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Probing the pores in membrane vesicles

München, 07/21/2017

Ion channels in the membrane vesicles that mediate intracellular protein transport play a crucial role in cell physiology. A method developed by an LMU team now allows them to be studied with greater specificity than ever before.

Micrograph showing cells of the murine immune system. The molecule YM201636 selectively enlarges the green stained late endosomes and lysosomes (right), while a specific pair of biotoxins acts only upon the red stained early endosomes (left). Image: C. Grimm, E. Butz

Tiny membrane-bound vesicles, known as endosomes and lysosomes, serve as vehicles for the transport of protein cargoes within animal cells. Embedded in the vesicle membranes are proteins called ion channels, which control the passage of electrically charged atomic particles (‘ions’) into and out of these intracellular organelles. Defects in these proteins play a central role in the pathogenesis of many diseases, and dissection of their molecular functions is vital for the development of effective therapies for these disorders. PD Christian Grimm and Professor Christian Wahl-Schott of the Department of Pharmacy (Director: Professor Martin Biel) at LMU Munich are among Europe’s leading specialists in the use of the so-called patch-clamp technique for the study of ion channels in cell membranes. In the latest issue of the journal Nature Protocols, they describe how they have adapted the method for use with endolysosomal vesicles. In a second study, published in the journal Cell Chemical Biology, they go on to demonstrate how patch clamping can be applied to specific functional classes of transport vesicles. This breakthrough opens up entirely new perspectives for the characterization of ion channels and the mechanisms that regulate them.

The endolysosomal system is made up of three distinct classes of endosomes – early, late and recycling endosomes – as well as lysosomes. These various types of vesicles have different functions. Early endosomal vesicles are formed by infolding of patches of the cell membrane in response to activation of e.g. receptor proteins by extracellular signaling molecules. This enables the receptors to be removed from the surface and detached from their activating ligands. The receptors are then either passed on to recycling endosomes and returned to the cell membrane, or delivered to late endosomes that convey them to lysosomes, where they are enzymatically degraded. This trafficking system participates in numerous metabolic processes and plays a vital role in the regulation of heavy-metal metabolism and in the correct localization of specific membrane receptors. The ion channels found in vesicular membranes are intimately involved in all of these operations. “According to studies of their protein populations, lysosomes and endosomes contain up to 70 distinct ion-channel transport proteins,” Grimm says.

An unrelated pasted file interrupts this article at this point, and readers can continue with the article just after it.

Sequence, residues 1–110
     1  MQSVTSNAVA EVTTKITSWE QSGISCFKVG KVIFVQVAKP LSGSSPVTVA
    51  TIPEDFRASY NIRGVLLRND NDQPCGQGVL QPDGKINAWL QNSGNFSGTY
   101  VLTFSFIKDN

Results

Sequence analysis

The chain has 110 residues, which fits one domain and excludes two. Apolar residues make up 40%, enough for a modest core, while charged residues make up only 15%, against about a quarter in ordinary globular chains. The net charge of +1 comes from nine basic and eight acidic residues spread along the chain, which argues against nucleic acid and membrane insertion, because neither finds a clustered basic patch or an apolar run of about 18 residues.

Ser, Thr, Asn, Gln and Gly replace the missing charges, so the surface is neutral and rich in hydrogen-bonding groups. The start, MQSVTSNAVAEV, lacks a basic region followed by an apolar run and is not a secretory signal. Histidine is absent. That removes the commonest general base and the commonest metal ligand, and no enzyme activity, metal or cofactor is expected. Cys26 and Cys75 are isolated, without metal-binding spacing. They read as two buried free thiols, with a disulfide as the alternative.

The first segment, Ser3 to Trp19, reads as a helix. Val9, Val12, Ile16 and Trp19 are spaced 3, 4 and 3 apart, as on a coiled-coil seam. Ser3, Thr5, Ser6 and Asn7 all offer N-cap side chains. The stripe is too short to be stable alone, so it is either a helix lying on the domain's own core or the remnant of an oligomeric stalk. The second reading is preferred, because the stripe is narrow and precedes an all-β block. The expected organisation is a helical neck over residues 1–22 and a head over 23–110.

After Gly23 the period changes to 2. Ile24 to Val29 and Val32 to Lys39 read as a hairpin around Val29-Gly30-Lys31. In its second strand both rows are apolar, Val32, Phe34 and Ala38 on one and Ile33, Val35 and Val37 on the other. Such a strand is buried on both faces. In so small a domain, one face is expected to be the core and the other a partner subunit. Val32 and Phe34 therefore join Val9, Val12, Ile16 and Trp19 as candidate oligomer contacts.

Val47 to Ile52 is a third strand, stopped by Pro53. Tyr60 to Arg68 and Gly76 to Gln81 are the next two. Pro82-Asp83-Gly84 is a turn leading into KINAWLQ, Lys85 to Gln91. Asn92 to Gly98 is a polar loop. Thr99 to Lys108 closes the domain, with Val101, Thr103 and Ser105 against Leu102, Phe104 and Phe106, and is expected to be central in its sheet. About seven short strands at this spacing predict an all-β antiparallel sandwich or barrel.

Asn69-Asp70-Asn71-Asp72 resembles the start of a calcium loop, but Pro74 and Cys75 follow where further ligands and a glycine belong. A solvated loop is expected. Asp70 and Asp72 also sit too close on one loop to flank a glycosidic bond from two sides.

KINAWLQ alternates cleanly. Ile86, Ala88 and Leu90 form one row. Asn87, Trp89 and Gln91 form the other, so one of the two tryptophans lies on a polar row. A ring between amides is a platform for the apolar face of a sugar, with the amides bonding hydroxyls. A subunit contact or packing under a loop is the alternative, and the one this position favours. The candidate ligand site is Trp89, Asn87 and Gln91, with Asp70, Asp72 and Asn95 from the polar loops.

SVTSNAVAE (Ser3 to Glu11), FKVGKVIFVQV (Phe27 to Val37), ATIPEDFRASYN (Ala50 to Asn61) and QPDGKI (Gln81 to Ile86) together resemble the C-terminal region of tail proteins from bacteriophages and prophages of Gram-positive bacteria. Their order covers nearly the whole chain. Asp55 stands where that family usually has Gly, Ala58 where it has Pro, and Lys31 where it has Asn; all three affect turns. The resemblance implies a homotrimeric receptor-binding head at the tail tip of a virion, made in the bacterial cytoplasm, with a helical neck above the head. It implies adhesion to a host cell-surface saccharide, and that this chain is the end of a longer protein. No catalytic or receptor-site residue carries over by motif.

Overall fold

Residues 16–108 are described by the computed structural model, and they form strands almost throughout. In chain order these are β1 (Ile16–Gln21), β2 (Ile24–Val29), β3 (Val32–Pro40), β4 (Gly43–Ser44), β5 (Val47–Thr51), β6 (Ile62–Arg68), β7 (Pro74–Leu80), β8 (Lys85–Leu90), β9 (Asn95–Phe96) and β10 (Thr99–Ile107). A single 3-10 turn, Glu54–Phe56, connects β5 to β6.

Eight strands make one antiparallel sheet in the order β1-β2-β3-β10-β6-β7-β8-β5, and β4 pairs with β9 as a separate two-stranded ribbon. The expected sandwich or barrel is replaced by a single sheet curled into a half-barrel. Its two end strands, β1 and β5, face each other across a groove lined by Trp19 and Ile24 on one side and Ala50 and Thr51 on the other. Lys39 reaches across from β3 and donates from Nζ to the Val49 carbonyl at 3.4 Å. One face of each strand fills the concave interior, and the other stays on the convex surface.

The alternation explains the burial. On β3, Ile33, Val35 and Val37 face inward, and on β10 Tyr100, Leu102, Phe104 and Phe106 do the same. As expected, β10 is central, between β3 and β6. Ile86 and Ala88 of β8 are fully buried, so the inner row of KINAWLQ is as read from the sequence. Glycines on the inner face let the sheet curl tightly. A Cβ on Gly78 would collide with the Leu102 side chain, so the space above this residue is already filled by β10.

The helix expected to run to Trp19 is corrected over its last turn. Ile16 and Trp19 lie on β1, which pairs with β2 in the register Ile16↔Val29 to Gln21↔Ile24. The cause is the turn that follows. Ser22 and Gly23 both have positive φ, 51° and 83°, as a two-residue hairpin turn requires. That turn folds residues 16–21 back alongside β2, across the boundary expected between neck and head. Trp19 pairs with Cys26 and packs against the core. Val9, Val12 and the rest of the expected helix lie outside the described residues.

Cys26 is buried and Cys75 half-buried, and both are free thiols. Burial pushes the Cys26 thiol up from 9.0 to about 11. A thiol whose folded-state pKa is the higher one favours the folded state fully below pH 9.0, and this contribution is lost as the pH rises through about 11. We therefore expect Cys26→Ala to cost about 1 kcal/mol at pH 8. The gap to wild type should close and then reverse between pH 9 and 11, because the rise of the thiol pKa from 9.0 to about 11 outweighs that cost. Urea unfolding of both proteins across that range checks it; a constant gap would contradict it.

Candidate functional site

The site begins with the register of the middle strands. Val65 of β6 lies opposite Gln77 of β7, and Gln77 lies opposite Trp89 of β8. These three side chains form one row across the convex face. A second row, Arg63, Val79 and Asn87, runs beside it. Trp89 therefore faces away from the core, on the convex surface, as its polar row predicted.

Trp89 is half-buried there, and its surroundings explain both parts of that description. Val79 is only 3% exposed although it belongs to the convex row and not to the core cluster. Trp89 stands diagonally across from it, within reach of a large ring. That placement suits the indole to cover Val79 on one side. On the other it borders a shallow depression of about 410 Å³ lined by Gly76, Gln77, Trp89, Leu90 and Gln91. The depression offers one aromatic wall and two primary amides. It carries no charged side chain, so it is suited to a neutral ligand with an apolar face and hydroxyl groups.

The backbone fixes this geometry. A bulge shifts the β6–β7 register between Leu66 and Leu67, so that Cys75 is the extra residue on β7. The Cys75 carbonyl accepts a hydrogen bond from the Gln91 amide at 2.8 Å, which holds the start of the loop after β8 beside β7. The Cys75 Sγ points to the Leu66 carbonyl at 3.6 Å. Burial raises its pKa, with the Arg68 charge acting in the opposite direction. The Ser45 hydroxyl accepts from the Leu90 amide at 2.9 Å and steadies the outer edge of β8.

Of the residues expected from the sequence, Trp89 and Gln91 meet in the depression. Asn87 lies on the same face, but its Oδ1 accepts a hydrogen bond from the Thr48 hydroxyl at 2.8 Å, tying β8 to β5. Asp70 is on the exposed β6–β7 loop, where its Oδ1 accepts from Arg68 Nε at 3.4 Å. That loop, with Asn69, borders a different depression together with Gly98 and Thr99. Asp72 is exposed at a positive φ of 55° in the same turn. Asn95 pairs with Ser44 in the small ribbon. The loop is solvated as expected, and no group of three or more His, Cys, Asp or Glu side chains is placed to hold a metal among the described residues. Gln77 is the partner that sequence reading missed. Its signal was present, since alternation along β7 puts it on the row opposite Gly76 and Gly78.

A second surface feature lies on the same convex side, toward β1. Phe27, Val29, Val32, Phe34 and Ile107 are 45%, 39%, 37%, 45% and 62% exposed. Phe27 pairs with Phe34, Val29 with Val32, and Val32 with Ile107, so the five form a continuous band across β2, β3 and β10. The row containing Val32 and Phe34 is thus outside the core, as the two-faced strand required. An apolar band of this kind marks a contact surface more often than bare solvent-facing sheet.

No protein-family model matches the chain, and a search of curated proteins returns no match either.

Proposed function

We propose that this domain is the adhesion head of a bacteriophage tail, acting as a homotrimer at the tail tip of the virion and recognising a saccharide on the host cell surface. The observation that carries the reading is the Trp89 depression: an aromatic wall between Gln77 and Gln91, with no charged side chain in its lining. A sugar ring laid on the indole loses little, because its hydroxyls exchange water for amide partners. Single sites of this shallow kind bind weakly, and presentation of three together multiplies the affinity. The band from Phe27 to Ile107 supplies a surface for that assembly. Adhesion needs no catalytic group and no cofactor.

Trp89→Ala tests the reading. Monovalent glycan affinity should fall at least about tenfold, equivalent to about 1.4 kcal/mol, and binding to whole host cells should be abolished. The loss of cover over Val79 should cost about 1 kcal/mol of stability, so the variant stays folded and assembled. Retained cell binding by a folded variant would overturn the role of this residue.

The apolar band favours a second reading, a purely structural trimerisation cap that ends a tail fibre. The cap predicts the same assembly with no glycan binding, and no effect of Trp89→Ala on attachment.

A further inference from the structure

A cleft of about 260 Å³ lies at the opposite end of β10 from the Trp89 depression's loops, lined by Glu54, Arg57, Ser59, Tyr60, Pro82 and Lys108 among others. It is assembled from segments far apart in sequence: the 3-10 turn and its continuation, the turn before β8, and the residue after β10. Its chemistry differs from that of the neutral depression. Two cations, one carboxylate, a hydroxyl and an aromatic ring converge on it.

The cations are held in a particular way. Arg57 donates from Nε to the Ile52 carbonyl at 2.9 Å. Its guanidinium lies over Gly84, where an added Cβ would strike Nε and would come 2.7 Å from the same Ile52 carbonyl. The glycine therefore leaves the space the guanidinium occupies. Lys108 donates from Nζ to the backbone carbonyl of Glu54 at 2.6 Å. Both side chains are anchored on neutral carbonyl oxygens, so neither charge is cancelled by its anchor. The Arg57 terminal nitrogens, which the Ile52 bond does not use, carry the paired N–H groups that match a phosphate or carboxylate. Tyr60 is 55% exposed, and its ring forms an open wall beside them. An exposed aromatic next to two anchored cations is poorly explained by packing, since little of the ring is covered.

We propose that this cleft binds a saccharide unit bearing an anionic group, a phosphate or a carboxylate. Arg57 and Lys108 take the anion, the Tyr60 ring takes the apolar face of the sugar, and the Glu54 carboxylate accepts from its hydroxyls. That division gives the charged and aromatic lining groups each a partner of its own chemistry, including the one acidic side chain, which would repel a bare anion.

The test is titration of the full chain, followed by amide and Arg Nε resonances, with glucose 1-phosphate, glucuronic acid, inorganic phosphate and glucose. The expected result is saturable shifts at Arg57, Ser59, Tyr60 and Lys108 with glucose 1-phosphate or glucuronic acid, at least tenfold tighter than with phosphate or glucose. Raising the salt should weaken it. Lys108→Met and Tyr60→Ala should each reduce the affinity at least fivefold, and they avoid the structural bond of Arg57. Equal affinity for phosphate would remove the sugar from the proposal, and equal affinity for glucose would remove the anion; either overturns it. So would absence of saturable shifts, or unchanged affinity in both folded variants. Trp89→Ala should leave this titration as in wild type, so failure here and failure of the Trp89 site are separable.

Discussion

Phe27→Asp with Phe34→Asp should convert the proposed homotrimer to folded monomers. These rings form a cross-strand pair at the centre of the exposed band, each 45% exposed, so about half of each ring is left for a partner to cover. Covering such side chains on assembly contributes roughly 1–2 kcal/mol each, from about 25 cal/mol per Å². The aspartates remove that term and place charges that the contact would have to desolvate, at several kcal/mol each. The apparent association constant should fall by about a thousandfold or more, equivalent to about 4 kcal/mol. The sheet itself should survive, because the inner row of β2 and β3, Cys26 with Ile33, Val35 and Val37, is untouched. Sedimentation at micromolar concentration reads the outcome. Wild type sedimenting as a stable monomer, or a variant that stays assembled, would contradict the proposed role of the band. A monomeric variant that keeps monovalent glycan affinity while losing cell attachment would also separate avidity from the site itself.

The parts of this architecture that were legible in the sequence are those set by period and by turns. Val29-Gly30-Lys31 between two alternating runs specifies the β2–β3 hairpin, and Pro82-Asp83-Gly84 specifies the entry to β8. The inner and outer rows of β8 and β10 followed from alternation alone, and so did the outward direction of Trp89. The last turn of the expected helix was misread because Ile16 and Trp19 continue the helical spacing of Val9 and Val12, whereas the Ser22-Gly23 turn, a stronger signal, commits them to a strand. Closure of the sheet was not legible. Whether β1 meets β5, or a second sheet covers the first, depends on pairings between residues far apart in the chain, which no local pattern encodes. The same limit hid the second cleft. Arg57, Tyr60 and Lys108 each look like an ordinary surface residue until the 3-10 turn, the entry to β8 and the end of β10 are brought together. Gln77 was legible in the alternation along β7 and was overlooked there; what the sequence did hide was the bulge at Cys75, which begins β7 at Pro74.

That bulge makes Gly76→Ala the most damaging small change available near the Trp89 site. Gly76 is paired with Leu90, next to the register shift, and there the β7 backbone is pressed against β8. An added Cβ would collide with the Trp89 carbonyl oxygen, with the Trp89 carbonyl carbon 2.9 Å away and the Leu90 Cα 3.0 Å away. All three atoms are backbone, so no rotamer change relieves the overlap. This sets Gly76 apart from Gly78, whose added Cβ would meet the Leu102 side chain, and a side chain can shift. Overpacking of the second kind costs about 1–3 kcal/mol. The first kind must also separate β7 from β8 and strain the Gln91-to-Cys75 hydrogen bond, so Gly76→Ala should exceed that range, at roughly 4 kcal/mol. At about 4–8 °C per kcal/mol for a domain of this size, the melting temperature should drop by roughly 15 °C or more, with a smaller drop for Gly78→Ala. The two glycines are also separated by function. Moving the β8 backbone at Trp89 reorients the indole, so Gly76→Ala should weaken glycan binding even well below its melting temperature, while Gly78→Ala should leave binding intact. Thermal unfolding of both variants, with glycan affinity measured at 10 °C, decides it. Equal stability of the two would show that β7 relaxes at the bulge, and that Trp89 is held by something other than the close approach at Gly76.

The patch-clamp method allows one to measure the passage of charged particles through single ion channels in membrane patches, and hence to determine whether the channel is active or inactive. To do so, one draws a tiny patch of membrane into a micropipette by applying weak suction, thus ensuring that a tight seal is formed between the membrane and the wall of the pipette. With the aid of a microelectrode, one can then apply a test voltage and pass current through any ion channels present in the patch. “The problem is that, in their normal state, vesicles are too small to be accessed via a patch pipette, so they must be enlarged before any measurements can be carried out,” says Grimm. However, the pharmacological tools that have so far been used for this purpose act indiscriminately on all endolysosomal vesicle types. In an effort to discover more specific agents, the LMU researchers screened a library of compounds and identified a particular combination of two biological toxins that selectively induces the enlargement of early endosomes by causing them to fuse with one another. In addition, they were able to demonstrate that a third molecule selectively enlarges late endosomes and lysosomes. Notably, none of these substances acts on recycling endosomes.

“This represents a significant advance, because we now have two sets of tools that enable us to employ more specific approaches and ask which channels are active in which types of vesicle,” Grimm explains. Indeed, he and his colleagues have used the new agents to show that the so-called TRPML3 ion channel, which controls the passage of positively charged cations and the pH (level of acidity) within vesicles, is active in both early and late endosomes and lysosomes. In contrast, the related TRPML1 channel is found in late endosomes and lysosomes, but not in early endosomes. Mutations in TRPML channels contribute to the pathogenesis of severe congenital conditions such as mucolipidoses, a rare class of metabolic diseases that impairs nervous system function. “Thanks to our extension of patch clamping to intracellular vesicles, we can now address these ion channels with greater selectivity. This is also important in the search for substances that can specifically inhibit the functions of particular ion channels for therapeutic purposes,” Grimm points out.
Nature Protocols 2017
Cell Chemical Biology 2017


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